Everyday there is a different app being created for iOS and Android devices. It is almost impossible to keep up with the latest. Although I am no longer a classroom teacher, I work in a middle school as a technology trainer/integration support specialist. Therefore, I keep my ear to the ground and I listen to the students as the share their social media stories. I can say one thing that some smart phone apps are down right scary as an adult; so I know it can be even more dangerous for middle school teens. To keep our kids safe, it is important to monitor their social media use, phone, texts, apps, and photos. Yep, kids may feel that you are invading their personal space and privacy but you are only doing it for their safety.
So I have compiled a list of 7 apps that I want you to keep an eye out for and you will thank me later.
- Poof –The Poof App allows users to make Apps disappear on their phone with one touch. Kids are super smart. Your kids can hide every app they don’t want you to see on their phone. It simply because they know it isn’t a good app for kids from the start. All the kids have to do is open the App and select the ones they don’t want you to see. Very scary! The good news about this App is it is no longer available, which isn’t uncommon for these types of Apps. But, if it was downloaded before it was deleted from the App store, your child may still have it. Keep in mind that Apps like this are created and then terminated pretty quickly by Android and Apple stores, but there are similar ones being created constantly. Some other names include: Hidden Apps, App Lock and Hide It Pro.
- Hot or Not – This app allows you to upload pictures of yourself while other people in your area vote on whether you are “hot” or “not.”You can vote on others in your area as well. It is not safe for predators.
- Chat Roulette – This is an online chat website/forum that pairs random people together to video chat. Every time you begin a new chat, you never know who you are going to come face-to-face with. Totally unsafe. Your kids can encounter people eliciting inappropriate acts. You never know what will pop up on the screen.
- Omegle – This App is not new and has been around since 2008, with video chat added in 2009. When you use Omegle you do not identify yourself through the service – chat participants are only identified as “You” and “Stranger”. You don’t have to register for the App. However, you can connect Omegle to your Facebook account to find chat partners with similar interests. When choosing this feature, an Omegle Facebook App will receive your Facebook “likes” and try to match you with a stranger with similar likes. This is not okay for children. There is a high risk of sexual predators and you don’t want your kids giving out their personal information, much less even talking to strangers.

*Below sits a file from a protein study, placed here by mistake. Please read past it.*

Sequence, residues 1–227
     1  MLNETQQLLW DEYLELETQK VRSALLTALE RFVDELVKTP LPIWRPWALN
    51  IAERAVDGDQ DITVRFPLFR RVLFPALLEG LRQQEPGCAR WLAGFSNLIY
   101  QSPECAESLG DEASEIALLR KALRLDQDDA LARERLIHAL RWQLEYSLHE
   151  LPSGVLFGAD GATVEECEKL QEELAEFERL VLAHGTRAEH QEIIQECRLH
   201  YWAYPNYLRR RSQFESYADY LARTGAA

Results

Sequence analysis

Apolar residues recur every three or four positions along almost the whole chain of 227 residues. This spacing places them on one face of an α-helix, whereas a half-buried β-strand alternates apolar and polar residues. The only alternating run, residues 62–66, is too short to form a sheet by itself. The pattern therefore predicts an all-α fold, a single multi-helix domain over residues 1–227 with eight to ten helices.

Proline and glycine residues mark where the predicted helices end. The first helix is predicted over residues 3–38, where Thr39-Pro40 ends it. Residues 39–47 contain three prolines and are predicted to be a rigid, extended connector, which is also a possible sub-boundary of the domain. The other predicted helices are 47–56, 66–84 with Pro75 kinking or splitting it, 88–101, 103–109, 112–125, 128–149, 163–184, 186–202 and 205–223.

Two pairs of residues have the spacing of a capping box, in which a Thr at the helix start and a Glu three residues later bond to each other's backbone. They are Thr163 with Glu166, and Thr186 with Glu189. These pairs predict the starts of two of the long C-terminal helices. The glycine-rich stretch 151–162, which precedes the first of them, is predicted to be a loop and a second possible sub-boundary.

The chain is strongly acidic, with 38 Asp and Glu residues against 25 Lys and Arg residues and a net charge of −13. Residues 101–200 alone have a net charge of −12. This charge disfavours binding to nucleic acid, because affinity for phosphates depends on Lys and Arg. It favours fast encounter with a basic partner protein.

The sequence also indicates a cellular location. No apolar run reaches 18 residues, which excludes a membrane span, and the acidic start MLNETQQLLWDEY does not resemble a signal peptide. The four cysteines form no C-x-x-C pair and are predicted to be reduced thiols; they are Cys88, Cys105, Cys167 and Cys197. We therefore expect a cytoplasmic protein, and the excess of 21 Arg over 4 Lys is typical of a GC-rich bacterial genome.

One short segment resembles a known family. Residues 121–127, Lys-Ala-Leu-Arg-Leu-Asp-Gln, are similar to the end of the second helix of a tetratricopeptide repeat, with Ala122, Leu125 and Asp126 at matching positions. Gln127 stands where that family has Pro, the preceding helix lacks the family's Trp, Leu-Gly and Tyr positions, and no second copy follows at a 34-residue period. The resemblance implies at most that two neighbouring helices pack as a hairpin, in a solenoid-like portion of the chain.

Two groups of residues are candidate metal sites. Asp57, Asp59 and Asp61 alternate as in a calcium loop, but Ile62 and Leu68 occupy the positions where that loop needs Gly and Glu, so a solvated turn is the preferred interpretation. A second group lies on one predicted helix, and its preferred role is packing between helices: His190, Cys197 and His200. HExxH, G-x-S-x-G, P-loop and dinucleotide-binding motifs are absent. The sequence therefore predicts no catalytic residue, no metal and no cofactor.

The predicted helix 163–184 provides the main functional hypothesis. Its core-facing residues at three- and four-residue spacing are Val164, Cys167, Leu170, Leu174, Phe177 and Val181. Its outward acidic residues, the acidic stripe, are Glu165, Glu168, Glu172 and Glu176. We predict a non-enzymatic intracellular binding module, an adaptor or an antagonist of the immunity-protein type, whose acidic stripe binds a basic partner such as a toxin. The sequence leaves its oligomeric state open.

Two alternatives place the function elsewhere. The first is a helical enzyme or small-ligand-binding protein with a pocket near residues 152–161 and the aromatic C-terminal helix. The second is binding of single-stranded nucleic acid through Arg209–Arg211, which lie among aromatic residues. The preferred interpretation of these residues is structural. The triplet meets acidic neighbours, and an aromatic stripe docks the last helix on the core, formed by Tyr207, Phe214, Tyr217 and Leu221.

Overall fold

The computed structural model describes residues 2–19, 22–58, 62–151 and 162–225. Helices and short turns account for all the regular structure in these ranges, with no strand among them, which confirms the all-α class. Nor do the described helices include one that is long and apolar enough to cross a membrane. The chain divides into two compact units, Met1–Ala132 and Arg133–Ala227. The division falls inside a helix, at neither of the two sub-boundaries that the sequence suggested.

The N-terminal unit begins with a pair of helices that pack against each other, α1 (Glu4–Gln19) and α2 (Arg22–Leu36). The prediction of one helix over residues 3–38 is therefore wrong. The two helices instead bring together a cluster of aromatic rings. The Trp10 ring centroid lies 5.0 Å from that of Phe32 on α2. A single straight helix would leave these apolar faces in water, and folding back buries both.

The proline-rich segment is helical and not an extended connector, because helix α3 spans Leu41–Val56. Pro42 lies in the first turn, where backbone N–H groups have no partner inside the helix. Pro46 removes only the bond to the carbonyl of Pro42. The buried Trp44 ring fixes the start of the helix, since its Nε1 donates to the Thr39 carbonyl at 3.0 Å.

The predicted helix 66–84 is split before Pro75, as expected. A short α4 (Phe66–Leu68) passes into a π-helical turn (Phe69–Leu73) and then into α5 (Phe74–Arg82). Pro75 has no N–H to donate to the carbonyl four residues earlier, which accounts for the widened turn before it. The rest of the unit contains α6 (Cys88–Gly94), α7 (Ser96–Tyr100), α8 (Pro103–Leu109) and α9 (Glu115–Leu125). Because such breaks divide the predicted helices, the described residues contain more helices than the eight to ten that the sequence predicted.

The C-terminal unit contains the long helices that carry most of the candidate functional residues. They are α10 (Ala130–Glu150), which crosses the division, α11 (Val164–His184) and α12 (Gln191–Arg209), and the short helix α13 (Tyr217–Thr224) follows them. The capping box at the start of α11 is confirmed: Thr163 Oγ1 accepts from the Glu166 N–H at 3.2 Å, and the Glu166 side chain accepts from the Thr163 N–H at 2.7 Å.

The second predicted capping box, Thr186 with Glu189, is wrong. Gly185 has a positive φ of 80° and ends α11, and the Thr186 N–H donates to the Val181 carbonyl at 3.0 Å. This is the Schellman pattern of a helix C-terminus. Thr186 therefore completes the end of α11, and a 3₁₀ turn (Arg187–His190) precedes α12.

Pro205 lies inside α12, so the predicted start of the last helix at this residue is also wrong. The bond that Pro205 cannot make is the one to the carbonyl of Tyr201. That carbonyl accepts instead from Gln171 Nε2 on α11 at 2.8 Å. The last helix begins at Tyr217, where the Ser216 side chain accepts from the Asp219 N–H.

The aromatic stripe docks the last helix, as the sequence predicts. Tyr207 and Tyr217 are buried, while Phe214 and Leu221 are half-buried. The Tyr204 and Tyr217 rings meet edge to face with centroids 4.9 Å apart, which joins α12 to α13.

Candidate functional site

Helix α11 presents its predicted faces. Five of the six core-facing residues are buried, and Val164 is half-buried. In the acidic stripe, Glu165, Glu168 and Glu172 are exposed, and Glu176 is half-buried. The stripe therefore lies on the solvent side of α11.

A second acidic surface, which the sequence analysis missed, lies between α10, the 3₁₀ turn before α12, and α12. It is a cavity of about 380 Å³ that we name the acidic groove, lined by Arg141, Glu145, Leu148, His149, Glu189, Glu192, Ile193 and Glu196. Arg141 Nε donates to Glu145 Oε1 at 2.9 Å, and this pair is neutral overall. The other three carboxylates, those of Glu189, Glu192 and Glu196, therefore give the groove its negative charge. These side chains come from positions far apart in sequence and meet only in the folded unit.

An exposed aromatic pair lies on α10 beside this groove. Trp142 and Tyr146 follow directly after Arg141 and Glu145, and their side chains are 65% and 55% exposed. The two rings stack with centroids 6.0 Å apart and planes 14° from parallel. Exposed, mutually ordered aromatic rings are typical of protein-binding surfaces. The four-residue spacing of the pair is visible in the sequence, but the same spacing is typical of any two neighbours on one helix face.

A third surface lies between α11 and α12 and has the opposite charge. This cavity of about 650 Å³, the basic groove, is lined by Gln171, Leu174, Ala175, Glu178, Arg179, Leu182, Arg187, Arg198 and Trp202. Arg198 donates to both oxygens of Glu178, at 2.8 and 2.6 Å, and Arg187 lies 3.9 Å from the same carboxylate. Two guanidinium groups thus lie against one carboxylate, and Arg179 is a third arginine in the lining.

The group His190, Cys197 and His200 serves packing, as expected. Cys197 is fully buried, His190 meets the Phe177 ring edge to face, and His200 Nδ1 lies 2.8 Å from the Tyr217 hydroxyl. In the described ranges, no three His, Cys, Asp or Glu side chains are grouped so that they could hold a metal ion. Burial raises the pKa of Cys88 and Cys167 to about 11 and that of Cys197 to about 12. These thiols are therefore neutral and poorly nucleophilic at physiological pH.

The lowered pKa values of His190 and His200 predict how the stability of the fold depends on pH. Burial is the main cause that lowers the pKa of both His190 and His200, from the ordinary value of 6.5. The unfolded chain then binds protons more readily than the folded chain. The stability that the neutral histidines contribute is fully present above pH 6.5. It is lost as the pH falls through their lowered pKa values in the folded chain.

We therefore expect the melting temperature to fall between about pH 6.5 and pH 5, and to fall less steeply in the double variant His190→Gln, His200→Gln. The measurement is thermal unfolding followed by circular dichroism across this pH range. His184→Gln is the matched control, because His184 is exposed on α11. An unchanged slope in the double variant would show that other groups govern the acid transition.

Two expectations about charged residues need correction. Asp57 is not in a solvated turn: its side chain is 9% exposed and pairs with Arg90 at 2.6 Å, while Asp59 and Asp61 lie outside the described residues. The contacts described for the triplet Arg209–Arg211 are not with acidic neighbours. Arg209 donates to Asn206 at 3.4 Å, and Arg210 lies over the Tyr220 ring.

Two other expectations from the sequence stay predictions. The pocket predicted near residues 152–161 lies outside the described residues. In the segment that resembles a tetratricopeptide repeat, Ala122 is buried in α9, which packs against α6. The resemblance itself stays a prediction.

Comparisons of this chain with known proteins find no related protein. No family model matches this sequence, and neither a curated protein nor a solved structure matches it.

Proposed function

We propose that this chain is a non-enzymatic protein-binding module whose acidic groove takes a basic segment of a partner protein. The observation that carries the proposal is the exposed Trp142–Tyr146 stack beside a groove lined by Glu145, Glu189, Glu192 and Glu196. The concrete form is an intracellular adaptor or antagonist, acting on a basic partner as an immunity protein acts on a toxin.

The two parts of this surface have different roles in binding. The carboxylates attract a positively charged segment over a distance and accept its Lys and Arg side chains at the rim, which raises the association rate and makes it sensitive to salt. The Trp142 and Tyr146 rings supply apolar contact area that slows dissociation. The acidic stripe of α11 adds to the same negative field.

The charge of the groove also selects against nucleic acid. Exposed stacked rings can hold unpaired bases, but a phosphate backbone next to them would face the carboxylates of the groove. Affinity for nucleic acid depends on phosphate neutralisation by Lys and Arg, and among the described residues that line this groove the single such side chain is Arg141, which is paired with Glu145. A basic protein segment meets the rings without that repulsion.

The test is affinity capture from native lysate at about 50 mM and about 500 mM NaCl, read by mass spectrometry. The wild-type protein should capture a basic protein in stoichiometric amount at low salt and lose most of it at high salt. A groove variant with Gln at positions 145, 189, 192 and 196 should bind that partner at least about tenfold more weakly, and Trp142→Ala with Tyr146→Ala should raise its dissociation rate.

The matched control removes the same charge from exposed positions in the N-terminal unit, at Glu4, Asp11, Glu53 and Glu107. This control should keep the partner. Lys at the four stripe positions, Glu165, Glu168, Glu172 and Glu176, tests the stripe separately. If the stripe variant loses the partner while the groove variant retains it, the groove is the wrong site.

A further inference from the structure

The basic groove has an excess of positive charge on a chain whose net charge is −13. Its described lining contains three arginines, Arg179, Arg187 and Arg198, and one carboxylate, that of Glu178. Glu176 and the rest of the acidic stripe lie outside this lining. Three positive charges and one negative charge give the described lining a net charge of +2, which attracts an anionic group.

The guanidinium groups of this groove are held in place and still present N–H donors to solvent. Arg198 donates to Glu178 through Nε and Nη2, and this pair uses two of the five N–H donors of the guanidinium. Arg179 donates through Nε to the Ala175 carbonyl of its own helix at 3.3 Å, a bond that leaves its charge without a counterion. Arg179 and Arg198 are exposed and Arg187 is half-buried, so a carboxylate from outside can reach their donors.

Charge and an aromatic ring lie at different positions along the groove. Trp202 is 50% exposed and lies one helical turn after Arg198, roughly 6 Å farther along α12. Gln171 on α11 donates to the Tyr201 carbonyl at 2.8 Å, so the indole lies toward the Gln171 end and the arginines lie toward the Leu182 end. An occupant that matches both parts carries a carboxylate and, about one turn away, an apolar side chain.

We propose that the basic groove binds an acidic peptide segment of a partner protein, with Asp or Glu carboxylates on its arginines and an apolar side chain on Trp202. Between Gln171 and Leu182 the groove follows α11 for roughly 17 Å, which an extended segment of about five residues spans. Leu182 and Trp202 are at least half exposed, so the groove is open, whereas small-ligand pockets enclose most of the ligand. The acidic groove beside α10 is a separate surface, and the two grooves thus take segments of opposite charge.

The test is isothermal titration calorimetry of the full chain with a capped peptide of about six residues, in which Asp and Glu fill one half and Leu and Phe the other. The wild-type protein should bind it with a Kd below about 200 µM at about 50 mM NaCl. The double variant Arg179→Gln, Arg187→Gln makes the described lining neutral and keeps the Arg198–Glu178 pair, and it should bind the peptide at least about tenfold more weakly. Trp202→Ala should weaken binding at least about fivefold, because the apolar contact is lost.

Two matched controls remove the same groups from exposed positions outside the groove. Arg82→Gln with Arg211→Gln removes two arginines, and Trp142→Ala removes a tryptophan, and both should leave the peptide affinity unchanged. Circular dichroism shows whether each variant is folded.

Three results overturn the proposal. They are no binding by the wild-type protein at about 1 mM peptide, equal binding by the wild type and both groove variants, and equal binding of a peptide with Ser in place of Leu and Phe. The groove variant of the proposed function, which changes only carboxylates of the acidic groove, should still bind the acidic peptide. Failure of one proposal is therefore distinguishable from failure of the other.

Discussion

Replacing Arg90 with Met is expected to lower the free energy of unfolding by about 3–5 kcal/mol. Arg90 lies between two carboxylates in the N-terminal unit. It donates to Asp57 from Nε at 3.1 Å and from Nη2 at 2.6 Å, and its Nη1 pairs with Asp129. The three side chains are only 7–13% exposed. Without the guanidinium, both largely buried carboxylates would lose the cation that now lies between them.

- Whisper – This is a meeting app that encourages users to post secrets. You post anonymously, but it displays the area you are posting from. You can search for users posting within a mile from you. A quick look at the App and you can see that online relationships are forming constantly on this App, but you never know the person behind the computer or phone. One man in Washington was convicted of raping a 12-year-old girl he met on this App just last year. Please make sure your kids are not on this app. Hek look at the name.
- Down – This application, which used to be called “Bang with Friends,” is connected to Facebook. Users can categorize their Facebook friends in one of two ways: they can indicate whether or not a friend is someone they’d like to hang with or someone they are “down” to hook up with. The slogan for the App: “The anonymous, simple, fun way to find friends who are down for the night.” This is an invitation to scary land.
- Yik Yak – It allows users to post text-only Yaks of up to 200 characters. The messages can be viewed by the 500 Yakkers who are closest to the person who wrote the Yak, as determined by GPS tracking. Users are exposed to – and contributing -sexually explicit content, abusive language and personal attacks so severe that schools are starting to block the app on their Wi-Fi network. Although the posts are anonymous, kids start revealing personal information as they get more comfortable with other users.
Parent Tip: You can turn location services, or GPS, off on cell phones by going in to the device settings. This will keep the Apps and photos from posting the exact location or whereabouts of the phone user.
Please understand not all social media apps are bad. Some social media apps have its benefits, but those benefits can come with drawbacks. Tell your child to be cautious about the information he/she is sharing in the online world. You also might want to have the “cyber birds and cyber bees” talk again with a reminder to be careful about the people he/she is chatting with online. Finding the right balance with what you share online and what you keep private is key in the social media domain. Give them a certain time frame to log-in and make sure it’s on a computer that you can view. Even ask your child’s teacher to teach about digital citizenship.